Ruiyan Xu’s first novel, Lost and Forgotten Languages (St. Martin’s Press, 2010), is the story of Li Jing, an investment banker from Shanghai who, after a massive accident, loses the ability to speak Chinese. His wife, Meiling, is devastated that she can no longer communicate with her husband, and the two become more and more distant as the book progresses. Rosalyn Neal, an American doctor, offers Li Jing’s only hope for recovery and Li Jing ultimately falls in love with her. According to Publishers Weekly, “The characters are portrayed with empathy and care, but the suspense over Jing’s fate is lost in too many narrative digressions and an ending that falls flat.” Does FOF book reviewer Karen Smith agree?
In a nutshell, what is this book about?
This story is about language, how words bind intimate relationships and also how we see and present ourselves. Author Ruiyan Xu got the idea for her book during her childhood. Her family emigrated to the U.S. from Shanghai and she felt isolated because she didn’t speak English. Like most children, she learned it quickly and she lost her native tongue. When she returned to China in her teens, not knowing how to speak Chinese made her feel isolated once again.
Did you enjoy it?
I found it enjoyable, yet deeply troubling.
Was it a page turner, or did you have to push through it?
Not a compelling page-turner in terms of pace or plot, but steadily interesting.
What would you want to ask the author, now that you’re done reading?
I would like to ask Ruiyan Xu about her own experiences with languages lost and found: did she find herself with different personalities in English and Chinese? Is it possible to use language independent of culture?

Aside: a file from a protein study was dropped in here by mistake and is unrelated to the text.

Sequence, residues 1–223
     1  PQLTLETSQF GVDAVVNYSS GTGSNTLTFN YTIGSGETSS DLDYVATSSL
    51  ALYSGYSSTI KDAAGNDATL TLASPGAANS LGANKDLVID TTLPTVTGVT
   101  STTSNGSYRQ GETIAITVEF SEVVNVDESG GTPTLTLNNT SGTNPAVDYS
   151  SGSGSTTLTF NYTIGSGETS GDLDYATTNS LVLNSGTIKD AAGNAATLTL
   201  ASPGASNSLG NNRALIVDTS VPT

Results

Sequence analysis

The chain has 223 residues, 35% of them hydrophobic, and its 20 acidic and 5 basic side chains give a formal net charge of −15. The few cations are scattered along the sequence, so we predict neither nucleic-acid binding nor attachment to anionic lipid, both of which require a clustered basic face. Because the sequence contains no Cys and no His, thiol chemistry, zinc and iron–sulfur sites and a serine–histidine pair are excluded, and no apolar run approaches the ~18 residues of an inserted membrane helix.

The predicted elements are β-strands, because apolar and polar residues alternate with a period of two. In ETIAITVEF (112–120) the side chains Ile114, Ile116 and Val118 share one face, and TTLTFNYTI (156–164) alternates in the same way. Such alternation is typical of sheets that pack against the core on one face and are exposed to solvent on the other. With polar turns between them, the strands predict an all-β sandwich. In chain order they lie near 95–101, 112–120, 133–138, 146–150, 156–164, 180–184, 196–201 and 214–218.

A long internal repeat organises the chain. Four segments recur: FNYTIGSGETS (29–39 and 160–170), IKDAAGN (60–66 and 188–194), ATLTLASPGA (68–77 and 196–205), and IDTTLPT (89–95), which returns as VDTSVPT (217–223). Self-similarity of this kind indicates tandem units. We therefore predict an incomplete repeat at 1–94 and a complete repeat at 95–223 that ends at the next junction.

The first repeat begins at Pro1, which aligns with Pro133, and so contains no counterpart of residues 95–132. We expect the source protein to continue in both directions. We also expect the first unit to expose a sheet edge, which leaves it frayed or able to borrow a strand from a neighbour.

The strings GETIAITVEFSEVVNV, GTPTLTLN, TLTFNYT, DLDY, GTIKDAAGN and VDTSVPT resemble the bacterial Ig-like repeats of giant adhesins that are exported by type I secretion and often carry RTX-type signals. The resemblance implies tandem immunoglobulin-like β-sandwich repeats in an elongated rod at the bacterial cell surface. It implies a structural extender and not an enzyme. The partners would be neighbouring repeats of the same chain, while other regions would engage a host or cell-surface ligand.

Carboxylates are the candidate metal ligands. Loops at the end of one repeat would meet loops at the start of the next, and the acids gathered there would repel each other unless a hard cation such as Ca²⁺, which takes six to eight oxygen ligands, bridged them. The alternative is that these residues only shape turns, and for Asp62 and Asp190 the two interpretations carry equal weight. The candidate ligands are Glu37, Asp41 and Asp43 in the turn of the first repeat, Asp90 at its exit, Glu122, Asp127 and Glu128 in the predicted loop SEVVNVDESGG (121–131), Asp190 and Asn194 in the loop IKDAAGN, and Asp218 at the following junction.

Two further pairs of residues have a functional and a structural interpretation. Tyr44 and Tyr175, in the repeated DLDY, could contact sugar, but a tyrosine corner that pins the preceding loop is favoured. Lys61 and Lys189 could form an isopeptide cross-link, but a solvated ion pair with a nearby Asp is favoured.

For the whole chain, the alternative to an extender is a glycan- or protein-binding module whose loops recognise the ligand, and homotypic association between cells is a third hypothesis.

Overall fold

Would you recommend this to other FOFs? Did you find yourself telling friends about the book as you were reading it?
I’d recommend it to anyone interested in a book that asks more questions than it answers.
What part did you like most? What part did you like least?
My favorite part of the book was the trip that James, Rosalyn and PangPang made to Hangzhou. That interlude shows the characters what is possible in the alternate universe of the English language, both good and bad. I found the ending unsatisfying.
Is this book similar to any other books you have read? Which?
While I haven’t read anything directly comparable to this work, the disintegration of a marriage and family because of new language barriers takes the reader into the familiar territory of love and loss, flirtation and affairs, betrayals and misunderstandings.
Any other thoughts you’d like to share . . . ?
There is a shallowness to Xu’s characters that makes it difficult to be more than a spectator to their situation. A better writer would have given the characters more depth so we could identify with them. Instead, Xu keeps us focused on the language problem itself. What would happen if you were ‘robbed’ of your native tongue in a traumatic accident? How would you talk with your spouse? What about your job? Your children?
Want to review books for FOF? Apply to be a book guru, here.